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Southern Historical Society Papers, Volume 7. (ed. Reverend J. William Jones), Jackson's Valley campaign of 1862. (search)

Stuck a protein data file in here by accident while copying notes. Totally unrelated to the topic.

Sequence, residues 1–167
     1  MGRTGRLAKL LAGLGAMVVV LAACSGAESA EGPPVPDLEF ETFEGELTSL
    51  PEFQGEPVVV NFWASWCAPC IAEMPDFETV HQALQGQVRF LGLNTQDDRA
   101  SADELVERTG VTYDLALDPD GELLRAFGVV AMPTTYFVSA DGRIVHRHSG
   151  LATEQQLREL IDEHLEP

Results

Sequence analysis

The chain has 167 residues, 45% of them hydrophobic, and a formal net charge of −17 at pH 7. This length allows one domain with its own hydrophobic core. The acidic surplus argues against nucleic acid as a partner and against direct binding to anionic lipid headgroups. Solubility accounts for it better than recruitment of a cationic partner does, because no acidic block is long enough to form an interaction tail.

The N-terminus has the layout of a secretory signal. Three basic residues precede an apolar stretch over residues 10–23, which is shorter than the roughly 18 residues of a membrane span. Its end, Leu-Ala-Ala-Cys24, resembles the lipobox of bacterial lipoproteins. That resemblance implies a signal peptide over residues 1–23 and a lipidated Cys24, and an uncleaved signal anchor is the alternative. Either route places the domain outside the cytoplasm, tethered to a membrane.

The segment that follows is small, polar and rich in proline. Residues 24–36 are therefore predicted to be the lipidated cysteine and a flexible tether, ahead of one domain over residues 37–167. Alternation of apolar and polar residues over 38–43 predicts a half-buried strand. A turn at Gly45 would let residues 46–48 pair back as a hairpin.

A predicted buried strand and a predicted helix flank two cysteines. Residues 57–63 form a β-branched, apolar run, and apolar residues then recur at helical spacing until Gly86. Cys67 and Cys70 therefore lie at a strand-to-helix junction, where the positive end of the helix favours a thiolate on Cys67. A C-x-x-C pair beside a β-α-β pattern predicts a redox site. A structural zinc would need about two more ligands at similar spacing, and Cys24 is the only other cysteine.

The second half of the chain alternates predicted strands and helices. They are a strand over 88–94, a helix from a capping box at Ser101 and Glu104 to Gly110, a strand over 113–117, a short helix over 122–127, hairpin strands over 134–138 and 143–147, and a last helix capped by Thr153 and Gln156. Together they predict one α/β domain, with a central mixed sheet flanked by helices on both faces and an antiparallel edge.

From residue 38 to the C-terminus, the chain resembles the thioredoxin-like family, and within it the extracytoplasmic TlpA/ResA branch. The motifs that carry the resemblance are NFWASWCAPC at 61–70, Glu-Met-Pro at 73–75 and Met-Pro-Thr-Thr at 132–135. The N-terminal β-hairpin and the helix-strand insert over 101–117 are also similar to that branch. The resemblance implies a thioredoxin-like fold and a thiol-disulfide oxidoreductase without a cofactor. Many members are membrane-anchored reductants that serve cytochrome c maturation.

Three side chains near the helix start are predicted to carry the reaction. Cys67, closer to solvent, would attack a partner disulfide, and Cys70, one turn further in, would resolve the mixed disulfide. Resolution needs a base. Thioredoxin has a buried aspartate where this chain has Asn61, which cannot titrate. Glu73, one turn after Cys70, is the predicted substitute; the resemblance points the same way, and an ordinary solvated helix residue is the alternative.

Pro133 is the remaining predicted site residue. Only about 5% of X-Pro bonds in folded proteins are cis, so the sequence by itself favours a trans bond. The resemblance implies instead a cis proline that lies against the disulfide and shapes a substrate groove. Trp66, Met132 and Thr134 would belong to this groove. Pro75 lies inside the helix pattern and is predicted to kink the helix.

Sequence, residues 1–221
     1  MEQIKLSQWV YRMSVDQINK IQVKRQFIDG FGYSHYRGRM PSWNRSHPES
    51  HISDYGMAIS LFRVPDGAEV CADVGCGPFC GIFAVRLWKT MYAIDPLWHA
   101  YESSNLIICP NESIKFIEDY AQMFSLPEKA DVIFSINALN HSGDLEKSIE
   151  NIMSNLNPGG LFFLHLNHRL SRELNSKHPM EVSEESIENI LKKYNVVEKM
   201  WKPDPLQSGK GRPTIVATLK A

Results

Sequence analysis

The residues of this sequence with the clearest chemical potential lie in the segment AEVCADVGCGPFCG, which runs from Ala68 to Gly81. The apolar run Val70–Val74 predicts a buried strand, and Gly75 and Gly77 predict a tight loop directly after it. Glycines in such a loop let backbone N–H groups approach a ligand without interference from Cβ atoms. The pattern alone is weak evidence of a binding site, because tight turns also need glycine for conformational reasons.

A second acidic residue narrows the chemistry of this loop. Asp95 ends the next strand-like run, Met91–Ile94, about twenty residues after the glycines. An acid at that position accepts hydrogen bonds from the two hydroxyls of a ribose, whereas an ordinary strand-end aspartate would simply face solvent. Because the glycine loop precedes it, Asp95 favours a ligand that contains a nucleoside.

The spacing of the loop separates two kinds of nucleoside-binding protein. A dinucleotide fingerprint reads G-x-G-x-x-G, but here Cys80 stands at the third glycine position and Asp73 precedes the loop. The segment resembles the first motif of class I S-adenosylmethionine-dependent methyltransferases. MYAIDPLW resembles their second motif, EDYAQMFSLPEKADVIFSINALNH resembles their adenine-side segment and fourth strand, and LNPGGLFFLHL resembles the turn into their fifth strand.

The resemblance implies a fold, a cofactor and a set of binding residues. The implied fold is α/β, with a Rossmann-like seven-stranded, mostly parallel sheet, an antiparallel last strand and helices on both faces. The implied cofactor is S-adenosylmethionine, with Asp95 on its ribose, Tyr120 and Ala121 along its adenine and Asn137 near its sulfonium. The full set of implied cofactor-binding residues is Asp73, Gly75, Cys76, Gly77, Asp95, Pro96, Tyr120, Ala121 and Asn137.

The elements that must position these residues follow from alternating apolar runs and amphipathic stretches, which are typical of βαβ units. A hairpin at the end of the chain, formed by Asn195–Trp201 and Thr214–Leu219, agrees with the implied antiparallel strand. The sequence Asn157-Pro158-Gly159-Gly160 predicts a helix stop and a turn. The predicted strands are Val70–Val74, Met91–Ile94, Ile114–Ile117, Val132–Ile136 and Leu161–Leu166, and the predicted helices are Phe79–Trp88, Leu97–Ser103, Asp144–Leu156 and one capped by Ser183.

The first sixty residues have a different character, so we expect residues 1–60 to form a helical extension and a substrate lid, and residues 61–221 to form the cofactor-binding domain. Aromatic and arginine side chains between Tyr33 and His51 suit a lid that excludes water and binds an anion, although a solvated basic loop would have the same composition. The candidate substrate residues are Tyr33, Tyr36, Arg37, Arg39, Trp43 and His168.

n up all plans of the enemy for a winter campaign against Winchester, was disappointing to Jackson, as well as to the public. Though believing that results had been obtained which outweighed all the suffering and loss, he was conscious that the weather, and the lack of cordial support, had prevented the accomplishment of far more important ends. But this did not abate his self-reliance, nor diminish his clear-sightedness. The discontent among his troops left at Romney resulted on the 31st of January in an order from the Secretary of War, sent without consultation, to withdraw Loring from that place. Jackson obeyed the order, and at once resigned, on the ground that such interference by the Department at Richmond, with the details of military affairs in the field, could only lead to disaster. After explanations, and upon the urgent request of Governor Letcher and General J. E. Johnston, See Johnston's Narrative, page 88; Dabney's Life, page 278, &c. he withdrew the resignation.